Henry James' The Europeans Essays

Henry James' The Europeans Essays

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In his novel The Europeans, Henry James tells the story of an American family that is visited by their European cousins. James uses these circumstances to depict the differences between Europeans and Americans. The Americans tend to be frightened of the Europeans, since they seem quite foreign within the puritanical American community. On the other hand, the Europeans are surprised by the Americans' provincial ways. Reaction to the unfamiliar is a central element of the novel. Each character's reaction to the unfamiliar reveals his or her personality and also determines whom that character is capable of tolerating and of loving. Felix, one of the European cousins, and Gertrude, the younger daughter of the American family, both illustrate characters who welcome the unknown. Charlotte, the elder daughter of the American family, and Mr. Brand, the clergyman who lives with the family, both seek to avoid change. Eugenia, the other European cousin, enjoys stability whereas her suitor Mr. Acton is excited by new experiences. The latter pair can never live together, while the characters of similar dispositions tend to become romantically involved. Thus, reaction to the unfamiliar determines the course of each of these characters' lives.

Characters like Gertrude and Felix are curious about things that they have not experienced. They search for new things, being unable to maintain one way of life for a long period of time. Gertrude displays this by her imaginative nature. She adores imagining, wishing to be somewhere else in the world. When she is left alone when everyone else goes to church Gertrude decides to transport herself to Arabia: "She possessed herself of a very obvious volume-one of the series of the Arabian Nights-and sh...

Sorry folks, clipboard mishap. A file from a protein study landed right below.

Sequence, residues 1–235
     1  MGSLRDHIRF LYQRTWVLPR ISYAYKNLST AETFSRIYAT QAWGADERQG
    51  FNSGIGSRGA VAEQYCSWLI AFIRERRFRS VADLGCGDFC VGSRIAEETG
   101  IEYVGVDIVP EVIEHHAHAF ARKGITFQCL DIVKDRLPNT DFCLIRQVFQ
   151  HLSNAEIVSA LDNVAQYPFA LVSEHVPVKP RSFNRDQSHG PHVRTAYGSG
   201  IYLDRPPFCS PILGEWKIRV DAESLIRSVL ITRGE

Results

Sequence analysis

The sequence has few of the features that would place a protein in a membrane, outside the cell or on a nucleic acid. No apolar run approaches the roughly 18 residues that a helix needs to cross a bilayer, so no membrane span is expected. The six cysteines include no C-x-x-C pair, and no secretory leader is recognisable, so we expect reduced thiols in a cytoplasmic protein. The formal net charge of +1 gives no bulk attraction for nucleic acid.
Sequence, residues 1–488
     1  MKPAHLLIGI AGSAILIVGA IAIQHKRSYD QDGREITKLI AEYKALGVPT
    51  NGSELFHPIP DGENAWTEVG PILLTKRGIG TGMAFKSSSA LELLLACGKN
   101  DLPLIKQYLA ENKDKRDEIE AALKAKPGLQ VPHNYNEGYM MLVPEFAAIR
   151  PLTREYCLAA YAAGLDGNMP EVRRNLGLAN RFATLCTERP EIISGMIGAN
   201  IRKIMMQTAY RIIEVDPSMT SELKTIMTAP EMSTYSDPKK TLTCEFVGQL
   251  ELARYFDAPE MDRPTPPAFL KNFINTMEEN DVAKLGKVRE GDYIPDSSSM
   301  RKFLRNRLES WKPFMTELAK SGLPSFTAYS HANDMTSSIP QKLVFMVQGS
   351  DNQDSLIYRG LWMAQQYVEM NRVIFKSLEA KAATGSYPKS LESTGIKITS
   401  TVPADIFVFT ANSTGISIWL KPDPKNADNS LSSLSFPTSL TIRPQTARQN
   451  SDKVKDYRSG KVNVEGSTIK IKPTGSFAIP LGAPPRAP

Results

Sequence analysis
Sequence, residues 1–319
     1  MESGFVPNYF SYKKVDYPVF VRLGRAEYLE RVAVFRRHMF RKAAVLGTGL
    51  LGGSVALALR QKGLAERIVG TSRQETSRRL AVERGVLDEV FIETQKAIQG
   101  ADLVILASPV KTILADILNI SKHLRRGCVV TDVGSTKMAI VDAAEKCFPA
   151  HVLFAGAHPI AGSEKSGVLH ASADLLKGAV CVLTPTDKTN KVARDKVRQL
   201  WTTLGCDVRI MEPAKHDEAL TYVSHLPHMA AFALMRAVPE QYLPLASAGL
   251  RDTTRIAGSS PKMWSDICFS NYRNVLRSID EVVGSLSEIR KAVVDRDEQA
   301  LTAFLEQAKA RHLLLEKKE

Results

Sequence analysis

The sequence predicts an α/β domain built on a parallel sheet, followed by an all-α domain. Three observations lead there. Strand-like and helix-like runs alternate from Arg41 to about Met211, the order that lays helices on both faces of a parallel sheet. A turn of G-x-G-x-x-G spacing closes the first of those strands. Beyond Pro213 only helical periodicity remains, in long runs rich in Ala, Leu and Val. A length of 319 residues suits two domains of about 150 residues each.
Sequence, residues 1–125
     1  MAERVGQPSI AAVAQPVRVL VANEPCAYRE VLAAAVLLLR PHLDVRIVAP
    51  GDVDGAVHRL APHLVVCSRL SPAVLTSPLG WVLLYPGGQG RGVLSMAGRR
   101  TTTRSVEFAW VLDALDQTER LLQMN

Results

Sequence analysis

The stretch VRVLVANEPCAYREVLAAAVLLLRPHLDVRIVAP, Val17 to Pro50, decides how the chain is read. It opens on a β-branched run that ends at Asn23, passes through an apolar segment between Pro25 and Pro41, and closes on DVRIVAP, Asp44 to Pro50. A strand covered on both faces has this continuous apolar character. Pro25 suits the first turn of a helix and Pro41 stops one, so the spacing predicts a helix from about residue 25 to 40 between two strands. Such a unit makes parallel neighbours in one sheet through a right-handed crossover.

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...g consistency, and thus they are conservative characters who can live together because they will be able to sustain order and routine. Eugenia and Acton can never agree on how to live, forcing them to end their relationship. In this novel, James takes a more humorous approach than in his other novels, and pokes fun at his own stiff American culture. He uses the European influence to show how narrow-minded New Englanders were at the time, and in fact James was part of this puritanical society. However, he presents a contrast with characters who believe that change is essential. Thus, through showing two juxtaposed opinions, James contrasts American conservatism with European worldliness, and how this reflects on the members of those different societies. However, as in the best Shakespearean comedy, the story ends with a marriage, and it is all much ado about nothing.

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